Carrie Underood, Hoda

Michael Smith

After taking a break from the spotlight following her "freak accident," Carrie Underwood opened up about her fall on Thursday's episode of Today

"Plain and simple, it was just kind of a freak accident," she told host Hoda Kotb. "I just fell. I just tripped. Taking my dogs out to do their business. It could have happened to anybody. I say if I had fallen anywhere else, it wouldn't have been a problem. But there was just one little step that I went to catch myself on and I missed."

The fall left Underwood with a broken wrist and more than 40 stitches around her mouth. In a newsletter to her fans, the country superstar warned she might look "a bit different." She even once admitted she thought her 3-year-old son, Isaiah, would be "scared of me" after her fall.

When Kotb told Underwood she looked the same as she did before the accident, the singer said she "had a dedicated team of professionals who can spackle and paint and paste."

 "No, thank you," she said. "I'm feeling—every day, I feel a little more back to normal."

The fall led Underwood to avoid the spotlight, and she feared how fans would react once she returned.

"Once I started kind of rejoining the world and I'm dropping my kid off at school again, and I'm going to the grocery store, it was kind of like, I feel like somebody is going to creep on me and take a picture and, like, post it on Instagram or something," she told Kotb, "and people are going to be like, ‘Oh my God! What happened?'"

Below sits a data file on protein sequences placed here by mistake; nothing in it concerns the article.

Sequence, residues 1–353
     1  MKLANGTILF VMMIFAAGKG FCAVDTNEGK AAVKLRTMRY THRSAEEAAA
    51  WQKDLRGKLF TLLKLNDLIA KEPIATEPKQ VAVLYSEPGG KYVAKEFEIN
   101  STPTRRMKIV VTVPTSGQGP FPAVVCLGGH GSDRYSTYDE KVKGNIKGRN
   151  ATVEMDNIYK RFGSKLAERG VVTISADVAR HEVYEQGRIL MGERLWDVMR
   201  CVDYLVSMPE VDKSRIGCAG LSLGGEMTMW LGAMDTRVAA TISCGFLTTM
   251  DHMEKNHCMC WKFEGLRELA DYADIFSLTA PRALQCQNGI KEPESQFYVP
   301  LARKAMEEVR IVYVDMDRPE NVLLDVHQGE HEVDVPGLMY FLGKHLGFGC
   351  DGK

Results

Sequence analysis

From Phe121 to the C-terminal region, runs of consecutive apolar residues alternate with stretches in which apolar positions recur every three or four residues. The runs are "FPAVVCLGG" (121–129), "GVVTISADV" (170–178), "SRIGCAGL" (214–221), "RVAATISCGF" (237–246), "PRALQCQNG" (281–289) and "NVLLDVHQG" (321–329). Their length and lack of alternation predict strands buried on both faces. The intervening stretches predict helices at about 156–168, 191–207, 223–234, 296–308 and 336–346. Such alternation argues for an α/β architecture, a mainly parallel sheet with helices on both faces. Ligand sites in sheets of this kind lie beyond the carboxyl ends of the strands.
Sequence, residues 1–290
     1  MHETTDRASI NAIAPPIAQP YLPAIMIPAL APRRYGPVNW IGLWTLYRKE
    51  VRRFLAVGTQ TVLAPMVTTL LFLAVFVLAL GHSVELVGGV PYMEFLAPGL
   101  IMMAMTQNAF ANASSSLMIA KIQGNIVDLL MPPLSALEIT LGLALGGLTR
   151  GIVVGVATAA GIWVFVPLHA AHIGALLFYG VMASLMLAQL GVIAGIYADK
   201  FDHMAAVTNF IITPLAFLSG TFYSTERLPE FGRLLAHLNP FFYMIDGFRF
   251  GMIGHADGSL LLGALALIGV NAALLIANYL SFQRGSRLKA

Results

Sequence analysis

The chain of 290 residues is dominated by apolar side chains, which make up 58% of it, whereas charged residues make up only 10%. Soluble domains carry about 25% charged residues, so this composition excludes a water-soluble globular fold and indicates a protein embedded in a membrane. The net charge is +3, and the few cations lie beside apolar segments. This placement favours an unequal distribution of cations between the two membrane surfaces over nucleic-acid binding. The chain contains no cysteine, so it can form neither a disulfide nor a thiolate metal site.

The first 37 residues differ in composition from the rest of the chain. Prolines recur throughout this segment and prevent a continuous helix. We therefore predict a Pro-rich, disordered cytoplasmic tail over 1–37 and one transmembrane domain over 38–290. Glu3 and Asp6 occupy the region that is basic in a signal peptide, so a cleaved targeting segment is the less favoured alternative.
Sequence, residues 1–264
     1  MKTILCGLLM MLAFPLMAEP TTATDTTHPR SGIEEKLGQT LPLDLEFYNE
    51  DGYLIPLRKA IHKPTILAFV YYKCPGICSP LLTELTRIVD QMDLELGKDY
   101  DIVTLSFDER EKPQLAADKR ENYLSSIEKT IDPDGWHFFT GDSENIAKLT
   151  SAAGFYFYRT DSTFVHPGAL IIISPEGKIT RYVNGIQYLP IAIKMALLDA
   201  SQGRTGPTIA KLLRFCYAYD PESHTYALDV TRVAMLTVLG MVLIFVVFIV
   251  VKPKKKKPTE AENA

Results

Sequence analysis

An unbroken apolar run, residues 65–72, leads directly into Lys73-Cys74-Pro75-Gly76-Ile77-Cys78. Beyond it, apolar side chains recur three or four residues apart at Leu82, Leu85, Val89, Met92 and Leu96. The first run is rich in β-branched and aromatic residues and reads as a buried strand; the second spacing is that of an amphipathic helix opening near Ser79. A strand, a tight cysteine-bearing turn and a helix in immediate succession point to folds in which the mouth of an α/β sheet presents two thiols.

Still, Underwood said she used the fall as a learning experience for her son.

"I used it, honestly, as a teachable moment," Underwood recalled. "I was like, 'Playing on stairs is dangerous. Mommy fell. Mommy fell on stairs. Don't play on the stairs. You might get a boo-boo.'"

Underwood made her triumphant return to the stage at the 2018 ACM Awards, where she performed her new song "Cry Pretty" and took home the trophy for Vocal Event of the Year.

The performance was an emotional one for Underwood. 

"When you're singing something that is straight from your heart, it's easy to just be in the moment and be connected to it," she said. "I never realized how much it translates until after the ACM Awards. It was, like, wow, you know, there was something different about that performance."

It could also be described as a Cinderella-moment.

"When I'm singing a song, it's like I'm in the music and I'm right there living it," she added, "and then it's kind of like, as soon as a song ends, I'm like ‘Oh man. I'm just Carrie again.' It's like the magic ends somehow and I turn into a pumpkin in front of everybody. I'm not a center of attention kind of person."

In addition to earning her a standing ovation, the song resonated with people in a heartfelt way. 

"I feel like people relate to it because it is like, oh man, like sometimes you just do have to just let it out," the American Idol winner said, adding that people have opened up to hear about all the places they break down. Kotb said she often goes to the bathroom for a good cry while Underwood admitted she lets the tears flow in her car.

"I feel like you just feel like—which I know people can still see you, and they probably have seen me at a stoplight or something and been, like, ‘What is this crazy lady doing over there?'" Underwood said.

While many fans and artists are proud of Underwood for overcoming this hurdle, no-one may be prouder than her mother, Carole.

"She's a great mom. She's a great daughter. She's a great person," the proud parent said. "I just want her to always be that way, and I love her."

Watch the video to see her interview on Today.

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